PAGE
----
In a room packed with constituents of North Carolina’s ninth congressional district, United States Congressman Robert Pittenger was met with supporters and opponents at the town hall event he hosted in Richmond County on Wednesday afternoon at Rockingham City Hall.
The discussion for the 90-minute long event mainly focused on government spending, tax reform, Medicaid/health care, and the treatment of veterans.
Arguably, the most dominant issue discussed was health insurance and health care. Congressman Pittenger said in reference to the Affordable Care Act, commonly referred to as Obamacare, that “regretfully, what the House passed in 2009 has fiscally failed.” The Congressman was adamant that a competitive market would be beneficial to the American people, forcing insurance companies to keep costs down to compete with their counterparts.
The idea of an open competitive market for health insurance has largely been supported by President Donald Trump, and one attendee asked specifically, “Do you support the President and his policies?” Congressman Pittenger quickly replied, “I think his policies are right on.”
The same attendee attempted to cut the Congressman off mid-sentence several times while he tried to answer the questions posed to him from other constituents, to which the Congressman remained poised and calm. The same citizen continued to interrupt, asking, “So you support how Trump has grabbed women in the past?”
A younger, 22-year old citizen of Ellerbe who identified himself as Hispanic and a “proud Republican”, said in response that he, “felt it disrespectful to cut off the Congressman and not allow him to answer the questions.” He then noted that, “I am a Hispanic young man who supports the policies President Trump and Congressman Pittenger represent, and I feel it is disrespectful to try to cut off the Congressman from speaking.”
The Congressman went on, saying, “As I look at the American economy today, here is a President that believes in policies that will restore the economy. President Obama’s policies put your nation at risk more than it has ever been before. When it comes to terrorism, President Trump will call terrorists out and by name. In all, we have a President that is committed to this country.”
The town hall continued, with questions still focusing mostly on health care. With the House’s health care plan having passed and moved on to the Senate, one citizen was concerned that her severely handicap son and his health care could be significantly affected by the new health care legislation if Medicaid was cut as a result of new laws. She asked the Congressman, “How will adjustments be made to those who really need Medicaid?”
Congressman Pittenger replied, “The funding is there for the program, we have to simply create accountability in the Medicaid program. There are nearly 60,000 Medicaid providers in North Carolina, and some know how to exploit the system.” Congressman Pittenger went on to cite that around “15 to 20 percent of fraud is inside the system” and there “just has to be some accountability.”
Pastor James Brigman, father of Lauren Faith Brigman, who recently walked to Washington D.C. to bring awareness to potential cuts the Medicaid waiver program could face as a result of new health care legislation, attended the town hall event and noted in a post-town hall interview that Congressman Pittenger had been “very receptive” and that when he arrived in Washington D.C. after the 400-mile walk, the Congressman “sat down with us for around two hours and he was concerned about her (Lauren Faith) needs and what we needed specifically for her, and what other children like her needed as well.” He also said that Congressman Pittenger and his staff “met with us two times in D.C., and then since then he has opened his office up to gather information on something that will be beneficial to all children and adults like Lauren.”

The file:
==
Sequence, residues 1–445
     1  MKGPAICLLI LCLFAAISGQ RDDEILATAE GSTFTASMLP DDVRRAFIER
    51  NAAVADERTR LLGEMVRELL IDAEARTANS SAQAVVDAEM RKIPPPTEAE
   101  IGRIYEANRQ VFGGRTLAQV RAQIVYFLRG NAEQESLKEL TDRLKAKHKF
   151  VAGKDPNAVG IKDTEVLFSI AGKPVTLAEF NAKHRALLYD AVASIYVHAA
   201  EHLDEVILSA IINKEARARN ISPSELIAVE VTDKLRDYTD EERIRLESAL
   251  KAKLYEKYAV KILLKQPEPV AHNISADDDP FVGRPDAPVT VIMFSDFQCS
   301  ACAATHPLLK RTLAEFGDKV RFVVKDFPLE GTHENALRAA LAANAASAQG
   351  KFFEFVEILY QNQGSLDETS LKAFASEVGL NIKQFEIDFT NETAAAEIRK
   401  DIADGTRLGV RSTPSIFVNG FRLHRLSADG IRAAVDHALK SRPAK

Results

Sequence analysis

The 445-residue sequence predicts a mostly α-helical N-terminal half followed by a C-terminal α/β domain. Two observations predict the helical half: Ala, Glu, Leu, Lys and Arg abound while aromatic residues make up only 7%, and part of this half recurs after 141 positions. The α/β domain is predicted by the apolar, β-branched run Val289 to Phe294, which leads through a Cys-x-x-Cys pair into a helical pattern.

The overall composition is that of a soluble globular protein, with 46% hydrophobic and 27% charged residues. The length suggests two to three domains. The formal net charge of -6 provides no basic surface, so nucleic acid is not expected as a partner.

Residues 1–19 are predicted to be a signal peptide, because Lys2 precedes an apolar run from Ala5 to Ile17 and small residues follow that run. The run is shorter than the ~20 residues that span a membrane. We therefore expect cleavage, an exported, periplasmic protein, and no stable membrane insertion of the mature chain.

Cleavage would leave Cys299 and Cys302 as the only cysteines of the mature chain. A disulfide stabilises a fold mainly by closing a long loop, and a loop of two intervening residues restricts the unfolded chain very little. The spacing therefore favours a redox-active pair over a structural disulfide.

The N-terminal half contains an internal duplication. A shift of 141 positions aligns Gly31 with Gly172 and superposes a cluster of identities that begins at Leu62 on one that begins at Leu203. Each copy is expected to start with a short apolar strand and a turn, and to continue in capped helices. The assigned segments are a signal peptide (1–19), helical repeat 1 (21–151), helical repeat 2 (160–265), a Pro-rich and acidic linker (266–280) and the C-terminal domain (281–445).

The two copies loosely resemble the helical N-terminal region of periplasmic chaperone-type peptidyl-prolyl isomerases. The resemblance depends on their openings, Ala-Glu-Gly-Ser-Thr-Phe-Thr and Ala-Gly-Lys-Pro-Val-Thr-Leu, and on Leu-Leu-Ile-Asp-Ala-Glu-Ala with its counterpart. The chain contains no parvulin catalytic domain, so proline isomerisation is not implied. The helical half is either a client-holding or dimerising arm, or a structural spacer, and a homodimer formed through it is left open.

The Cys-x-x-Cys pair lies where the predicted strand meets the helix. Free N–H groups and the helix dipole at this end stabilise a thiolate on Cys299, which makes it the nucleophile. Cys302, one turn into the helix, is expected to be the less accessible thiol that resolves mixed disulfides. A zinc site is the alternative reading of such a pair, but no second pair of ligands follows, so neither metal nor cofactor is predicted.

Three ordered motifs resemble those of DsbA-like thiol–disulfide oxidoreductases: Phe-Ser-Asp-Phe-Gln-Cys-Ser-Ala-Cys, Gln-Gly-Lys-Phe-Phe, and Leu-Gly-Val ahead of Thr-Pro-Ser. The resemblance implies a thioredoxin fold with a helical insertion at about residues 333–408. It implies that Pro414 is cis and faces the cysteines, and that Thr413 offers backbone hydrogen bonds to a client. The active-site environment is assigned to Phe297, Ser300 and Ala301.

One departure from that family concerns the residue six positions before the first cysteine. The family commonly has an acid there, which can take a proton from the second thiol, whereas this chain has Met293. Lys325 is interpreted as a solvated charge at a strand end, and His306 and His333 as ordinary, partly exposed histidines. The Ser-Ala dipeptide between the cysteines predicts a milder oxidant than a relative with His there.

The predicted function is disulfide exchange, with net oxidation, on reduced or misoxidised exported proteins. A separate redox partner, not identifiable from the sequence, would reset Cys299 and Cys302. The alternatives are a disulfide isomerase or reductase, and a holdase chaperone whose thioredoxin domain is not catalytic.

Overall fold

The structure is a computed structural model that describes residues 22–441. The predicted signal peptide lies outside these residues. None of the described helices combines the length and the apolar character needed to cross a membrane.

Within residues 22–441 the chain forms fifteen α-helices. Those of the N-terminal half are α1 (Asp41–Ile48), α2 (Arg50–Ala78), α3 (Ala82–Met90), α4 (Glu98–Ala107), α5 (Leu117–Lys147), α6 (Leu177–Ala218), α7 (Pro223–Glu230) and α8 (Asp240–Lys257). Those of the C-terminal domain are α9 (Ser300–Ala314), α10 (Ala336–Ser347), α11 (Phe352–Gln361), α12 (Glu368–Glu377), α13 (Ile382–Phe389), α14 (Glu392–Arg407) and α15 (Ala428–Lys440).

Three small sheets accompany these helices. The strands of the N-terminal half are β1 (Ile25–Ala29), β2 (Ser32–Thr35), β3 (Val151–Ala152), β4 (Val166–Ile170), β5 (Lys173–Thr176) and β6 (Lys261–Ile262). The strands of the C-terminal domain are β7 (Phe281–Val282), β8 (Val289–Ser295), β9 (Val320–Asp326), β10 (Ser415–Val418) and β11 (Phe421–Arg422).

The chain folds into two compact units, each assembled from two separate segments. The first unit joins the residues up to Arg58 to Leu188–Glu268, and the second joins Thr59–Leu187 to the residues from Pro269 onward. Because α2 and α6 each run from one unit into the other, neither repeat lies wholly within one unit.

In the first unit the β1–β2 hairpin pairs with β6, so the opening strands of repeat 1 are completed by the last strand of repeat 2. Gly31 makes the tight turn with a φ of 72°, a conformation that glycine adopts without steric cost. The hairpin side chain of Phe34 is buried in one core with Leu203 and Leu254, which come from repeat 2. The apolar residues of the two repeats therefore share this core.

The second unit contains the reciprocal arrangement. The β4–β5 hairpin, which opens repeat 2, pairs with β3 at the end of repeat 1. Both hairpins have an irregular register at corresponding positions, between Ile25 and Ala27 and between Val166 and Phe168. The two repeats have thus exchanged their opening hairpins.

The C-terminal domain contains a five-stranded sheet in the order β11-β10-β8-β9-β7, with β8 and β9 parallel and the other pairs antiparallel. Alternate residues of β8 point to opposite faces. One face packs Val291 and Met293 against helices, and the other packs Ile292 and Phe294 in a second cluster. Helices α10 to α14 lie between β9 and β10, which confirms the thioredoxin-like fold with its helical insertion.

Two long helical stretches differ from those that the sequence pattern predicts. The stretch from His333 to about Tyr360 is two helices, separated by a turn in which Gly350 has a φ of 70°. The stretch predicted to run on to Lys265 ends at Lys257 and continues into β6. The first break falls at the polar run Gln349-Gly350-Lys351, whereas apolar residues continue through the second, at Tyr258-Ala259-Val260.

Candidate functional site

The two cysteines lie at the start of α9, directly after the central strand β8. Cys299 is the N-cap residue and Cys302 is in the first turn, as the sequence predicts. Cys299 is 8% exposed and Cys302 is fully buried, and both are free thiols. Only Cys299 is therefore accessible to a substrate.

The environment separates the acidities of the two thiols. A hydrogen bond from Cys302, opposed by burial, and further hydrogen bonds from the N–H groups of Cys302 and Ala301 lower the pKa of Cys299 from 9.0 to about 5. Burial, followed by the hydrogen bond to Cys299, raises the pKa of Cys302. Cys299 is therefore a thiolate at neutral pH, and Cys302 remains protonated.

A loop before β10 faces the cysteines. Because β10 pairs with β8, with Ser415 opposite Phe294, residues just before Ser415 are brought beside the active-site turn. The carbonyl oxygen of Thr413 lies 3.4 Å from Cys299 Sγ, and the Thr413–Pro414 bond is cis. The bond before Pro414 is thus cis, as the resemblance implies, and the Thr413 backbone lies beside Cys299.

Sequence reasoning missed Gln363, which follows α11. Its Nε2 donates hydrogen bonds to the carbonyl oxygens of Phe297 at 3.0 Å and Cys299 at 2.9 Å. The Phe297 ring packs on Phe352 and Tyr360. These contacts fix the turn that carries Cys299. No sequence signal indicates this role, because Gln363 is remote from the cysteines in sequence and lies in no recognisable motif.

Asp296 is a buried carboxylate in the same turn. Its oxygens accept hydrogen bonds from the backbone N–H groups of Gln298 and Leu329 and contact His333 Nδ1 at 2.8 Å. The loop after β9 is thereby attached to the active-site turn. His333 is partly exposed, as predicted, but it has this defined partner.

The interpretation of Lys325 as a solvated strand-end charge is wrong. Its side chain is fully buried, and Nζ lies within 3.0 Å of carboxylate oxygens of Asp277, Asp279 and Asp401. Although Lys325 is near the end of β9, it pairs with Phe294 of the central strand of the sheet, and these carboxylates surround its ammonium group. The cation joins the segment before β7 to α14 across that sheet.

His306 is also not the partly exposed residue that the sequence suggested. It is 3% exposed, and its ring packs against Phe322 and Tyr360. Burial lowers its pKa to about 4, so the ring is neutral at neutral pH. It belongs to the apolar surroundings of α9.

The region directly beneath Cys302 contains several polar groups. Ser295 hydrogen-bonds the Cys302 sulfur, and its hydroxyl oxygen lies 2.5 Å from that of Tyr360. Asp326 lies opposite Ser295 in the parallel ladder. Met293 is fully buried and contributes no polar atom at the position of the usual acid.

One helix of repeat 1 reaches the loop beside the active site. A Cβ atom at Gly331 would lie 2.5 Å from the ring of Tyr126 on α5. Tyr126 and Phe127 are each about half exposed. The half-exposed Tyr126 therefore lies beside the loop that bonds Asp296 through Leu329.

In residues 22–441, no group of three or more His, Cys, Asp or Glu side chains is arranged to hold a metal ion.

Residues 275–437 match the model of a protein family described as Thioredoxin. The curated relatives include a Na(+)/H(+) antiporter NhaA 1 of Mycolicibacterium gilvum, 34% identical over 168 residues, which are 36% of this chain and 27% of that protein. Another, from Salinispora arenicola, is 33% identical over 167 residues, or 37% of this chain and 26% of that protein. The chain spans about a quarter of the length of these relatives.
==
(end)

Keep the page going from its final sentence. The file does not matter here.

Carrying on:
While the topic of health care proved to be the most lengthy discussion of the day, one man in the front row was most concerned about the national debt, saying that something “must happen to solve excessive government spending”. The Congressman agreed and noted that the House has “just passed a balanced budget”, and that while it will take time for the budget to balance (usually around ten years), that it was an important step because “we need a fiscally accountable government.”
In response to a subsequent question about tax reform, Congressman Pittenger stated, “We have a very complicated tax code, longer than the Bible without the good news.” He continued, “It needs reform and our goal is to pass that reform in the fall session before Thanksgiving.”
Another concern of some attendees was the treatment of veterans, particularly in Veterans Administration (VA) hospitals and clinics. One attendee stated that “veterans feel deserted sometimes.” The Congressman replied, “We (Congress) have a moral and constitutional obligation to veterans. Very commonly veterans have been subject to bureaucracy of the government…we don’t want a VA system that protects jobs of those working for the VA, we need a VA system that protects veterans.”
Congressman Robert Pittenger left for Laurinburg shortly after the conclusion of the town hall event. He hosted a total of four town halls today, and will have hosted a total of nine this week by Thursday. Of the 435 congressman in the United States House of Representatives, Congressman Pittenger has held more town hall events than any of his colleagues in the last year, and the congressman who is second on that list has held less than half of the number of town hall events held by Congress Pittenger.
Congressman Pittenger will be running again in 2018, and one of his challengers on the Democratic side, Christian Cano, was also in attendance at the town hall event in Rockingham. Congressman Pittenger, by Friday, will have held a town hall event in each county of the ninth congressional district this week alone.